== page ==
Eighteen 18th Century Golf Societies
21 August 2015
There are now eighteen golf societies dating back to before 1800.
In the space of one hour last Monday, golf history was re-written in a minor way. The discovery (by me) of newspaper notices for Earlsferry Golf Society (1787) and Fortrose Golf Society (1793) at the National Library of Scotland brings to 18 the number of golf clubs which have a continuous or non-continuous history dating back to the 18th century.
We have always known about the clubs with a continuous history or those that were consciously revived after a period of abeyance caused by adverse economic circumstances such as Crail (1786), Glasgow (1787), Burntisland (1791) and arguably Royal Aberdeen (1780).
What was not recognised were the clubs which fell on hard times and which stopped operating for so long that they were lost to living memory and nobody was aware of any documentation. When times improved, new clubs were instituted, ab initio, and entered the annals with new foundation dates. Some would argue that the length of time and lack of connection means that they are not the same club, but they are of considerable historical interest.
It was always likely that there were more old golf clubs to be discovered and with recently digitised records from newspapers and other historical material, more finds were to be expected any day. What was totally unexpected was that two would be found in such a short space of time, both in the same search from one newspaper, the Caledonian Mercury.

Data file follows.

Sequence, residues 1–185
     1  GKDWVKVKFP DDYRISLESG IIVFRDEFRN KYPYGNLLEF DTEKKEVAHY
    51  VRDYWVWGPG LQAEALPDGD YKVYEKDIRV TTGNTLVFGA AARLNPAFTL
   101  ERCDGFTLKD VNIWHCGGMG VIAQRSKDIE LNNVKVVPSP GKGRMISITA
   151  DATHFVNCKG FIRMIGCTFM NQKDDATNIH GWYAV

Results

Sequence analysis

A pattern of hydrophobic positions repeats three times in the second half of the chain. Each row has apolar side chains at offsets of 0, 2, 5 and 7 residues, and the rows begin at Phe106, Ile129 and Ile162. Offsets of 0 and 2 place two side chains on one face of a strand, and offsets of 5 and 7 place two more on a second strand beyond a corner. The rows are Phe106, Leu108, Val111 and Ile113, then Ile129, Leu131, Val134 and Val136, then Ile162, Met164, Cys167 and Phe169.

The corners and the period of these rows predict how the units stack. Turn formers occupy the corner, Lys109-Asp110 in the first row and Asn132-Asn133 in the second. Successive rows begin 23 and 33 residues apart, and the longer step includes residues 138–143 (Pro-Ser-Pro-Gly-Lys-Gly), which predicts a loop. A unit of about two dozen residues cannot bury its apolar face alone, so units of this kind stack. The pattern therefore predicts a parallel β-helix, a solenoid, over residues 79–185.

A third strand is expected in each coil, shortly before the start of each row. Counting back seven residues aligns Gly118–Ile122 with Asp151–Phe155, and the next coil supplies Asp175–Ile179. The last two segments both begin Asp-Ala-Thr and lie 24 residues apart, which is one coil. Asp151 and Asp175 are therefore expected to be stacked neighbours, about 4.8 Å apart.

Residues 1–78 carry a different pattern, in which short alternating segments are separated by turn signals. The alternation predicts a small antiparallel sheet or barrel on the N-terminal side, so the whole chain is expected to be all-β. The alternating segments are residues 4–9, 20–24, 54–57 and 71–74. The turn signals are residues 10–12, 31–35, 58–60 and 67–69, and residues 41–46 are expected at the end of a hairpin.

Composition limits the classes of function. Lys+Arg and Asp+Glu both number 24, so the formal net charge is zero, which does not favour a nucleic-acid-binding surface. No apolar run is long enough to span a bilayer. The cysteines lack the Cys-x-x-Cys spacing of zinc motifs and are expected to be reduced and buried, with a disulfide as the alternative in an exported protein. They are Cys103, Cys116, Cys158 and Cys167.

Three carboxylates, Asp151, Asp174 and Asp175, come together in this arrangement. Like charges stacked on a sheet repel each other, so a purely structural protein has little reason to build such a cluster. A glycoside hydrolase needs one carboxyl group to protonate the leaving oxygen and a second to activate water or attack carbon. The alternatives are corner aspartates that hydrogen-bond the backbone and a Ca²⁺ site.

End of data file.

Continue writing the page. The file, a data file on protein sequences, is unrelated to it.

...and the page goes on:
Neither of these discoveries materially affects the position of the oldest half a dozen golf societies outlined in the conclusions On the Dating of Golf Societies. The first wave of golf clubs began in two places. One was where there were numerous well-to-do golfers such as in Edinburgh or London and the other is where there were ancient and highly esteemed courses such as at Leith, St Andrews or Musselburgh.
What is now clear is that within a generation of the first wave, golf clubs had been formed widely throughout Scotland and even abroad by groups of Scottish professionals, business people and landed gentry who wanted local availability of their sporting activities. Some of these groups relied heavily on the input and organisation of a small number of people as well as having a transitory membership. They would include members of the armed services and ministers of the church. When these people died or moved on, as they commonly did, support for the club dissipated, sometimes beyond the point of recovery.